Referring to Kumar’s tenure in Finance Ministry, the Indian Banks’ Association CEO and former managing director of Punjab National Bank Sunil Mehta said he saved the reputation and integrity of the banking system by providing support in the form of capital, cleaning up the balance sheet and initiating various reforms. Institution of PSBs and for that matter entire banking owes a lot to him, Mehta added.
In the draft affidavit, Kumar is learnt to have said that clubbing of phases in the West Bengal polls to curb the spread of COVID-19 was also not possible under the provisions of the Representation of the People Act. Kumar volunteered for punishment on a personal basis and appealed that the accusations on the institution may be taken back.
“It is submitted that democracy is at peril due to loss of faith in ECI across the length and breadth of the country. I, as Election commissioner cannot escape individual responsibility and leave it to the judgment of Hon’ble court to punish in the manner, the Hon’ble court is pleased to so decide,” he said.
He added that while it was legally possible to merge the last two phases (phase 7 and 8) since their dates of notification were same (March 31), the EC ensured no campaigning took place between April 26 and April 29 by increasing the ‘silence period’ from 48 to 72 hours before polling.
He said that nearly 11 lakh personnel deployed in recent elections, many of whom were frontline workers facing COVID-19 onslaught, would be demoralised and cannot be “a mute spectator to such downgrading of an institution”. He is understood to have said that as an election commissioner he cannot escape his individual responsibility and wanted to leave it to the judgement of the court to punish in the manner the court was pleased to so decide.
The option of deferring some phases was also actively considered. However, if, even temporary disfranchising of voters was considered as an option, the massive hue and cry and popular discontentment it could have caused were also taken into account, he said in the draft. Implications of not completing elections timely, possibly leading to a situation of conducting at a later stage under extended-term or President’s rule might be much more damaging and attract sharper objections of favouring one and acting against another, he said in the draft affidavit.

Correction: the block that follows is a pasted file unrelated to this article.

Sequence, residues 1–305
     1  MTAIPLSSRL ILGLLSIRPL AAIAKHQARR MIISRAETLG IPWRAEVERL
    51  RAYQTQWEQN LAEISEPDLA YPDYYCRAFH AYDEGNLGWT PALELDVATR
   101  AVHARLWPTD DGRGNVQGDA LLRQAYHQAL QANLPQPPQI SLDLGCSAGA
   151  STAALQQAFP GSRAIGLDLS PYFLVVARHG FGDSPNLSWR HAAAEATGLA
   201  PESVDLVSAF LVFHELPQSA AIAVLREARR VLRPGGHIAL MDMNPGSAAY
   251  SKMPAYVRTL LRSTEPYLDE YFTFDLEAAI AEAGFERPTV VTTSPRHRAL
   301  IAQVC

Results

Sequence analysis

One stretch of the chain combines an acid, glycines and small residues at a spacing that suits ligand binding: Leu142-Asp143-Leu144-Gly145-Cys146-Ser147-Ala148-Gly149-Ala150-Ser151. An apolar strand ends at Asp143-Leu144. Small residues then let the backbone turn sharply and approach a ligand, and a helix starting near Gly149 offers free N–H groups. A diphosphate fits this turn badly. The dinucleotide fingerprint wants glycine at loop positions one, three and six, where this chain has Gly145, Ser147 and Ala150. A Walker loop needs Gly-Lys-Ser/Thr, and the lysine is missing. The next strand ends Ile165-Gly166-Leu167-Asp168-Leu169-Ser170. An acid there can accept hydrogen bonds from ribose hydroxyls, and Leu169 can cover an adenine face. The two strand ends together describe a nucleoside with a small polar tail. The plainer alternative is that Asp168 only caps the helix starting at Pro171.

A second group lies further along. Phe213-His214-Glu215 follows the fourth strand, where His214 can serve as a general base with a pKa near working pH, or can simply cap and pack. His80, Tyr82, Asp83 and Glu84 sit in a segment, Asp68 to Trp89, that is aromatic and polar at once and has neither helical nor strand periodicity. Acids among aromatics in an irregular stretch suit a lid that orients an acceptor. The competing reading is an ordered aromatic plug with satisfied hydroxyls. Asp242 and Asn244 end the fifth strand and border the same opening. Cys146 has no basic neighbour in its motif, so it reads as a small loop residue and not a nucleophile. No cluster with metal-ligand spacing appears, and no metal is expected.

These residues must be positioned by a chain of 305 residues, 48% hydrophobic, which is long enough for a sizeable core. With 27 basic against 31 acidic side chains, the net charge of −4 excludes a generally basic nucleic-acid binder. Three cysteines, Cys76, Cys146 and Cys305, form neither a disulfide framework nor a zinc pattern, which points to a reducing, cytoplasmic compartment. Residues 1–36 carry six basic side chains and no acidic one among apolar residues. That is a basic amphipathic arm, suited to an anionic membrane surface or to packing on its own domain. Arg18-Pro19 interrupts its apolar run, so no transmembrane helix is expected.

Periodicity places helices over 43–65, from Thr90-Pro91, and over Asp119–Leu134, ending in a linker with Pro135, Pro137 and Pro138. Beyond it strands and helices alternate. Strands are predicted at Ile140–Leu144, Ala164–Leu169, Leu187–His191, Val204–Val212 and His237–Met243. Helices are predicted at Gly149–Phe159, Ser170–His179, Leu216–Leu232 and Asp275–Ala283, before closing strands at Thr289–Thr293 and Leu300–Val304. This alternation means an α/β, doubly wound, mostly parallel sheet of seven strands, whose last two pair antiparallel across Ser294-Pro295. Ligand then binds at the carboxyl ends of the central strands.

Kumar underlined the fact that many of those working for the elections have lost their near and dear ones during their period of duty. Kumar said that when “murderers”, the description used by the High Court, head or remain part of the ECI, voters in general and contesting candidates and political parties, in particular, cannot trust it to hold free, fair, transparent elections.
Talking about far-reaching implications in such a scenario, Kumar said if candidates start doubting results outside a counting hall due to lack of faith in ECI, the kind of law and order the country would face is unimaginable. Calling for respect among institutions, he is understood to have said that unfortunately, of late civility and respect for mutual domains is increasingly becoming the greatest casualty in public and political discourse, making it difficult to conduct elections or for that matter to take any policy decision by any institution or regulatory authority.
The mutual respect, restraint, civility in the level of discourse at least amongst the national and constitutional institutions meant to protect the very democracy and the rule of law cannot be or perceived to have been given up, he is learnt to have said.